Lauding India's emergence as a regional and global player, he urged upon New Delhi to continue to champion the causes of democracy, the rule of law and good government, and encouraged India to increase its engagement, including through the UN system, in efforts to promote these goals. He said, "We already lean on you for peacekeeping. I would also like to see even stronger Indian support for UN efforts to peacefully resolve conflict. Myanmar might benefit from greater Indian involvement. My visit earlier this year following Cyclone Nargis [Images] was the first by a Secretary-General of the United Nations in 44 years. Cooperation between Myanmar and the United Nations has improved in recent months. But I regret that there has not been more progress on issues of concern to the international community. These include the release of Aung San Suu Kyi and all political prisoners, and initiating a credible dialogue".
Referring to the paradigm shift in international relations, he remarked that "indeed, we have reached a new multilateral moment. Our institutions need to be reinvented. Our times demand a new multilateralism -- a more inclusive and effective multilateralism. Devastating as it is, today's turbulence has created an opportunity for reform".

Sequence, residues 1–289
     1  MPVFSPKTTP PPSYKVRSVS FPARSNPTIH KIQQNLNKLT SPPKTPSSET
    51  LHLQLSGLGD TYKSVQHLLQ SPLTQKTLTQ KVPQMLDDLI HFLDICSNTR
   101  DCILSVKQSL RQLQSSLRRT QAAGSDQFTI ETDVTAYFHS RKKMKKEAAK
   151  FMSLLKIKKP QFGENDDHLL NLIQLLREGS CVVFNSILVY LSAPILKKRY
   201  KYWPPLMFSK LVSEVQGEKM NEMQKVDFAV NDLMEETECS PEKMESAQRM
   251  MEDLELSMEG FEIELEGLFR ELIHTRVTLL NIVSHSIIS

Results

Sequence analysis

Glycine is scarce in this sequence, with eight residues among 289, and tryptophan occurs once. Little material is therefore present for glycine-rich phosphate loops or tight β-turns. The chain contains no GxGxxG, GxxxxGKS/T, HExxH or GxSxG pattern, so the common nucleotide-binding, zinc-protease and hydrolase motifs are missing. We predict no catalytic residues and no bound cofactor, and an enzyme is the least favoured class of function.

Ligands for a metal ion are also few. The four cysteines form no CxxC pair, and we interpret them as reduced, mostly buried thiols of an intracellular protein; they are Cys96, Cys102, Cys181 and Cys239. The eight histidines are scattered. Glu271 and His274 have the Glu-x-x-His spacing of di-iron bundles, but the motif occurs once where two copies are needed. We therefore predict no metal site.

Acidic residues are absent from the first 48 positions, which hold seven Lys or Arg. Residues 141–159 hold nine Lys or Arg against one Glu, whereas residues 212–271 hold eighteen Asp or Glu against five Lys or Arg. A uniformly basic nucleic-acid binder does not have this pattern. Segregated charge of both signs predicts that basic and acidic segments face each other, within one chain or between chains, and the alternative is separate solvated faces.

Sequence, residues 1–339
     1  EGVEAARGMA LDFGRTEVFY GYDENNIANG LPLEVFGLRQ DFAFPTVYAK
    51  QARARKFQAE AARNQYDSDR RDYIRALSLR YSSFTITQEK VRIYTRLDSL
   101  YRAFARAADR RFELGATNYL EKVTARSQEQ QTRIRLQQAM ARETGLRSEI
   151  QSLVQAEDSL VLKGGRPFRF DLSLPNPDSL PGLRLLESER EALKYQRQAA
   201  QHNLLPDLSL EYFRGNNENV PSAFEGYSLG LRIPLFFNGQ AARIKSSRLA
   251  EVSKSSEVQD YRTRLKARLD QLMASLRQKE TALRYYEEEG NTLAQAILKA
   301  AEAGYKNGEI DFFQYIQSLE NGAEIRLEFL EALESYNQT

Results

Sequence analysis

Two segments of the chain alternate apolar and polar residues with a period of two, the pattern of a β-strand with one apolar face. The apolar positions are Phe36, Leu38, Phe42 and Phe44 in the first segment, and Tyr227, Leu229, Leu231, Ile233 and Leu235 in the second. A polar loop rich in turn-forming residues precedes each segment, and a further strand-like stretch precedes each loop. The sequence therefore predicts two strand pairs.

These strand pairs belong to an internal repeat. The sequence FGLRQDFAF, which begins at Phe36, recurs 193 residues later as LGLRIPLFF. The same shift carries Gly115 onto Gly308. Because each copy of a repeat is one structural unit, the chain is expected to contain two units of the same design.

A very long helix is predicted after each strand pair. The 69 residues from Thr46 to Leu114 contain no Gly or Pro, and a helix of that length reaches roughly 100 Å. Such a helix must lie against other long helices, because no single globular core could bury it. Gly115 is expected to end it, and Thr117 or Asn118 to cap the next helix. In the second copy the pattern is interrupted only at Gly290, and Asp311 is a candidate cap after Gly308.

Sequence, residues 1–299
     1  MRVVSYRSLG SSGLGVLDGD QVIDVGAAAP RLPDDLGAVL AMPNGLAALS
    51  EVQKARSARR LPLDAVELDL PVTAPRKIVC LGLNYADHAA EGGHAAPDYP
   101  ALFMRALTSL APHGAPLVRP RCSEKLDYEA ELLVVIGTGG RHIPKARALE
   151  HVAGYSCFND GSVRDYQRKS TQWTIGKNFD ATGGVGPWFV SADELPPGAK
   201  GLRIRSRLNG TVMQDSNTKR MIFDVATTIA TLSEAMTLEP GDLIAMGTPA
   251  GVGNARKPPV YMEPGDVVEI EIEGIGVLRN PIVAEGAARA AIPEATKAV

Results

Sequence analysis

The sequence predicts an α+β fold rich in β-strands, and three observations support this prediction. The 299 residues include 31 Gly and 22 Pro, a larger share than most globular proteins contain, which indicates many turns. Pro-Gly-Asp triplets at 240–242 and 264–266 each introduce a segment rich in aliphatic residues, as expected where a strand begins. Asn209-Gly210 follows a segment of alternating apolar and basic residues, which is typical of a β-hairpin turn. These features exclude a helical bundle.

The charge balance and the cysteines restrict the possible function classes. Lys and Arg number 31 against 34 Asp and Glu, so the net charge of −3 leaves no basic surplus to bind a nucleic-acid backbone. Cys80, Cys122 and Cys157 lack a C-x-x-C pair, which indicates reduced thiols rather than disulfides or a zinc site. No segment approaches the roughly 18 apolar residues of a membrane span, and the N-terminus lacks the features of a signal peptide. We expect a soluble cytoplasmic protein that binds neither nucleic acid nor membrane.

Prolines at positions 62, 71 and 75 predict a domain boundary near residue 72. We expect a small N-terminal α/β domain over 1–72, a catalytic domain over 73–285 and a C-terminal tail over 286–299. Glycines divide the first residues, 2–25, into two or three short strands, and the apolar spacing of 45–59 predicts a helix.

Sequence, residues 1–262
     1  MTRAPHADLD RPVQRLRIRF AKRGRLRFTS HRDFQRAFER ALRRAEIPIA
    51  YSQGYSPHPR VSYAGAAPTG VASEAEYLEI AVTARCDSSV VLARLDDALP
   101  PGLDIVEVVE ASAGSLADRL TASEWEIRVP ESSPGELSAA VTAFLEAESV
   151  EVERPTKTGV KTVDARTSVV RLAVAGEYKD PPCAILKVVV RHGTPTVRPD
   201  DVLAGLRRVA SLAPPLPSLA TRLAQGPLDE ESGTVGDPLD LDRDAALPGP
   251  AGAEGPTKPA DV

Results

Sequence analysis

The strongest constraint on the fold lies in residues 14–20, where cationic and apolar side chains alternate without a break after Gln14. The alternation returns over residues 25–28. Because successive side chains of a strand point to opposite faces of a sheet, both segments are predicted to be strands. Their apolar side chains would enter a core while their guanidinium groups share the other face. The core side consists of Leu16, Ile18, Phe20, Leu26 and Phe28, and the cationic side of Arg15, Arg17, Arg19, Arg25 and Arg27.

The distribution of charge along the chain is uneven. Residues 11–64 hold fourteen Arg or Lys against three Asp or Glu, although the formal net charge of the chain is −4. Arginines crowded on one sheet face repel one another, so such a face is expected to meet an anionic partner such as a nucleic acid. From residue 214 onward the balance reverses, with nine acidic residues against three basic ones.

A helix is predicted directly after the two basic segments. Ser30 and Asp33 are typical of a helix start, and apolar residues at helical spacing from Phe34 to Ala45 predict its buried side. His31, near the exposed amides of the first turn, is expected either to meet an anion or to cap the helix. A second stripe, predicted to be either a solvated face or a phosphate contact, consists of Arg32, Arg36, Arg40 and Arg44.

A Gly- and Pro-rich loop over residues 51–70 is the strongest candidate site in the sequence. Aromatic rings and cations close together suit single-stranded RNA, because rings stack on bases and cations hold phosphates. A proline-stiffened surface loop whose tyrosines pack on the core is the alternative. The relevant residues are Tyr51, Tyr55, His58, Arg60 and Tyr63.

Paying tribute to Mahatma Gandhi [Images], whose birthday on October 2 has been declared as International Day of Non-Violence by the United Nations, he quoted the words of the Mahatma that the work of India would not be done so long as there is a single tear in the eye of a single child. He also quoted Baba Amte's [Images] exhortation that, "in public service, the distressed begs your attention and you have to drench it with love and compassion. Goodwill and dedication alone do not suffice. Public service challenges us to discover and accept new values, new attitudes and most important, new commitments".
Earlier while commencing his address he referred to contributions of Indira Gandhi [Images] and Rajiv Gandhi in various spheres and described Sonia Gandhi [Images] as a global citizen and an example of cross-cultural contacts and exchanges that increasingly define our world.